While it’s true the Dallas Cowboys basically avoided signing outside free agents in 2022, with Dante Fowler and James Washington the notable exceptions, they could certainly look to add some now. Once the draft ended, the compensatory pick formula is no longer a factor when adding free agents, and it’s been speculated the Cowboys may add one or two now. Even Stephen Jones has said the team isn’t done in free agency.
So who would they add? One popular theory that has been thrown around on various occasions is former Minnesota Vikings linebacker Anthony Barr. There may be a few reasons this is coming up. One was that the Cowboys were very interested in Barr during the 2014 draft. He never made it to their pick, instead they had to settle for some guy named Zack Martin, but the interest was there.
Another connection is George Edwards. He was Barr’s defensive coordinator in Minnesota for a while and is now on the Cowboys staff. And the final reason is the fact the Cowboys are still pretty thin at linebacker and could use a veteran presence in case of injury.
But Bill Barnwell goes on to say the Cowboys should consider Barr as more than a linebacker. They should consider him as a Micah Parsons-lite type player.
ILB Anthony Barr to the Dallas Cowboys
In 2019, the Jets signed Barr to a five-year deal in the $70 million range amid rumors that they were going to turn the linebacker into an edge rusher. Barr backed out of the deal and re-signed with the Vikings, but while he saw occasional reps on the edge, the Vikings didn’t unleash Barr as a pass-rusher. He racked up four sacks over three seasons while missing 22 games, most notably with a torn pec in 2020.
Now that he’s a free agent, what if a team took a chance on using Barr in more of a hybrid role? We saw the Cowboys unlock something truly special from Micah Parsons by using their 2020 first-round pick as both an off-ball linebacker and an edge rusher a year ago. Barr isn’t Parsons, but after Dallas lost Randy Gregory this past offseason, Barr would give the Cowboys another eligible rusher who is also capable of playing a more traditional linebacker role.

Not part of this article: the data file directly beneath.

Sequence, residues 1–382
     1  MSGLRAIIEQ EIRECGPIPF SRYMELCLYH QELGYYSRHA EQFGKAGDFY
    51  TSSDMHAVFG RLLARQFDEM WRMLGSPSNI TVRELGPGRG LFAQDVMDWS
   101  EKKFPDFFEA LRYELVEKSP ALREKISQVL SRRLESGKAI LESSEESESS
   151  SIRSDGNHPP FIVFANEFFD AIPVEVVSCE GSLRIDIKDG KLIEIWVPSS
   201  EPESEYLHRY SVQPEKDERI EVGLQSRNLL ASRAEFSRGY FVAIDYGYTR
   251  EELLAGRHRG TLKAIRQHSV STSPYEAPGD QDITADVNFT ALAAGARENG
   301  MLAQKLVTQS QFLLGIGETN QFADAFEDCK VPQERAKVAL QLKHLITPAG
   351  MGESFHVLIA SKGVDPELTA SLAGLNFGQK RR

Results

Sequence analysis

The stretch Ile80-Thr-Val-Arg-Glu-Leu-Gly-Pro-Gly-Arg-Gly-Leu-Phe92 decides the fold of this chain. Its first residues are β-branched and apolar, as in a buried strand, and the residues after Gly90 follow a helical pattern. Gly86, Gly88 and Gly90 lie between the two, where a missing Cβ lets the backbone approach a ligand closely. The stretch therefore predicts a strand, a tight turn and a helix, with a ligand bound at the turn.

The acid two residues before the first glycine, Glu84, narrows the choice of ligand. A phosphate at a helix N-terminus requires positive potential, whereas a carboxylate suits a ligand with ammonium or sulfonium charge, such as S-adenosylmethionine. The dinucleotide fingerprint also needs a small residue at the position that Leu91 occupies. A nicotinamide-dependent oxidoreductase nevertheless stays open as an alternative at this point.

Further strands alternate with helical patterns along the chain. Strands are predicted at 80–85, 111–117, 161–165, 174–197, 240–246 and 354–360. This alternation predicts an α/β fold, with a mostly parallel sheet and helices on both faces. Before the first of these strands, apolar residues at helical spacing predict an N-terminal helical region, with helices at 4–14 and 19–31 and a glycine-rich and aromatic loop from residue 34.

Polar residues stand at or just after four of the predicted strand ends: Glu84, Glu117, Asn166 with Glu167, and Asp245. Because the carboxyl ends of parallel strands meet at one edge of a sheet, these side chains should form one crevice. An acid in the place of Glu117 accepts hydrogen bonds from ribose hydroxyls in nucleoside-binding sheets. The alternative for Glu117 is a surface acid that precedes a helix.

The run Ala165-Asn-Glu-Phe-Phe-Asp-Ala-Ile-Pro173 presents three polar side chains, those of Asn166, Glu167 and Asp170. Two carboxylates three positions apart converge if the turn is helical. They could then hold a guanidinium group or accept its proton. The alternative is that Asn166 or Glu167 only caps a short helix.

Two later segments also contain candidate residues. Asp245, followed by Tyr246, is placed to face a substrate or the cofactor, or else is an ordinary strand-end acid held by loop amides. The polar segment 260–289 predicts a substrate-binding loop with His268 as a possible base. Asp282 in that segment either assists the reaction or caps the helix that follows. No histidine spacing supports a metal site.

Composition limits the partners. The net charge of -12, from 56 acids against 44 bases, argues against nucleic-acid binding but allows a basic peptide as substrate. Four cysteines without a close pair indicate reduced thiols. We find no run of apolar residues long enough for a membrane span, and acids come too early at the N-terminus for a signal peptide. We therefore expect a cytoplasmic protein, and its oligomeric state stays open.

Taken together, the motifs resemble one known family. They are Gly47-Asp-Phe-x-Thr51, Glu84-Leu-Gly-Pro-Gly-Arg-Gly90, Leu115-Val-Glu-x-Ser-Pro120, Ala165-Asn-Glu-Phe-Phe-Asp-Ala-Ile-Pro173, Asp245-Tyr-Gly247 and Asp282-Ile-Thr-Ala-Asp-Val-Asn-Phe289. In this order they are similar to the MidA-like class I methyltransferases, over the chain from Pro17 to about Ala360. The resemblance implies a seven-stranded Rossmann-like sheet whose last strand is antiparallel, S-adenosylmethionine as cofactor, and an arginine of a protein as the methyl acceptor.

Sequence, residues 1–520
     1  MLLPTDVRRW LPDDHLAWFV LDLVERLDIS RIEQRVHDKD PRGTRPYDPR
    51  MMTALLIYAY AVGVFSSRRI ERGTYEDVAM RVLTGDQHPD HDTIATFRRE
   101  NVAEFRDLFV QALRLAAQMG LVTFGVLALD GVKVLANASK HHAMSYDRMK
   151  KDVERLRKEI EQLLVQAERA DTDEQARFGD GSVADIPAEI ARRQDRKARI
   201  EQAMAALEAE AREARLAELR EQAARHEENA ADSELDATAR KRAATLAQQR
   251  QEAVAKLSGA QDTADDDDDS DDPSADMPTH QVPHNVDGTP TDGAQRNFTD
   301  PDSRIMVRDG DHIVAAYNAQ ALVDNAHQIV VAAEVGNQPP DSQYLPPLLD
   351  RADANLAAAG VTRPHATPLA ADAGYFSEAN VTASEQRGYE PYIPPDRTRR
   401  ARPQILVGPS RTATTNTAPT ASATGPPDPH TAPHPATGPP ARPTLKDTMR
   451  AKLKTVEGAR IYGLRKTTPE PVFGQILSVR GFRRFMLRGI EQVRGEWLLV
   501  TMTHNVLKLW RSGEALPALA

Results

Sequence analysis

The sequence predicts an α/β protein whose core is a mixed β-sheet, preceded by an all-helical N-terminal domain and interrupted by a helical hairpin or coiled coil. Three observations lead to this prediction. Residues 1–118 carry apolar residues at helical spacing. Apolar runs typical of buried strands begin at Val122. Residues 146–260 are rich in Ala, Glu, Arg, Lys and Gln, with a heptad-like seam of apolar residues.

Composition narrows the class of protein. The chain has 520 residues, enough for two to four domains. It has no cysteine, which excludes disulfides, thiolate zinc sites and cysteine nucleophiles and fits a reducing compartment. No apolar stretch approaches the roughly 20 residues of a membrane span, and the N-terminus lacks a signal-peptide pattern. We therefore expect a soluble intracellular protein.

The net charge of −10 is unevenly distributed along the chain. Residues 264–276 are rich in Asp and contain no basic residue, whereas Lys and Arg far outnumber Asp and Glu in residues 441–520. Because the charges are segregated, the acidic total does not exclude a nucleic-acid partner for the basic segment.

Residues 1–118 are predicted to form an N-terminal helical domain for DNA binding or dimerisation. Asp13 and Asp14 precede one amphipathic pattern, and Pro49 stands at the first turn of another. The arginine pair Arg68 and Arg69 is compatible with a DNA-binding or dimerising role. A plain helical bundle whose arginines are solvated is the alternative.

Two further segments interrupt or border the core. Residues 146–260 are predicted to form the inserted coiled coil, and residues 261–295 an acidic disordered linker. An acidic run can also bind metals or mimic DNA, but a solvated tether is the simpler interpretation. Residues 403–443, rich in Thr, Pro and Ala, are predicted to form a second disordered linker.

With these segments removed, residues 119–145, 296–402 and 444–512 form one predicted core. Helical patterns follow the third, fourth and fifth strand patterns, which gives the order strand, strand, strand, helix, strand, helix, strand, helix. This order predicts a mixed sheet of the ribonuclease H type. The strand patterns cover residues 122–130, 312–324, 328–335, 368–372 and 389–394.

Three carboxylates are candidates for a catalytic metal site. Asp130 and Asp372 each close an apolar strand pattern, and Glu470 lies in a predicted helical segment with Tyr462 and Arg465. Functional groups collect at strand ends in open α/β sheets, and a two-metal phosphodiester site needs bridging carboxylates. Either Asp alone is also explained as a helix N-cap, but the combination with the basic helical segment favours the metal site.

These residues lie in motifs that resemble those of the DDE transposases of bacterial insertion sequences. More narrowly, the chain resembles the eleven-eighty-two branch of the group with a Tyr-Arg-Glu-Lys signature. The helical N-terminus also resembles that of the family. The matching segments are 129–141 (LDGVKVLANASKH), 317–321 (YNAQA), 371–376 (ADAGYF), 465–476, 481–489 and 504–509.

Barr and Leighton Vander Esch would each be leverage against the other’s injury history, and senior Cowboys defensive assistant George Edwards served as Barr’s defensive coordinator between 2014 and 2019.
It’s not bad logic. The Cowboys certainly need another traditional linebacker in the mix with Leighton Vander Esch’s injury history and Jabril Cox coming off the ACL injury.
And before you think turning Barr into a pass rusher is some flight of fancy, that was actually part of his appeal coming into the draft in 2014. Our own Tom Ryle pointed this out in an article during that time.
Based on the interview he gave DallasCowboys.com, he is being looked at strictly to become a DE with the primary duty of being one of Rod Marinelli’s rushmen.
“I spoke with (Marinelli) at length today,” Barr said. “He showed me a lot of tape of (Julius) Peppers and Simeon Rice and (Warren) Sapp, so I think he wants me playing that defensive right end position to go after the quarterback, and that’s something I’m all for.”
That in-between size, plus the fact that 4-3 teams like Dallas would likely have to put him in a new position, may cause him to slip just a little, and the Cowboys might find themselves with a chance to pick up a player many see as a top ten talent and one of the best pass rushers in the draft.
Similar things were said about Parsons’ pass rush ability coming into his draft year. This is in no way to suggest Barr is Parsons - Parsons is a unique talent. But given how they used Parsons, it’s not inconceivable the Cowboys could be thinking this way about Barr.
In the end, though, we all know it comes down to money.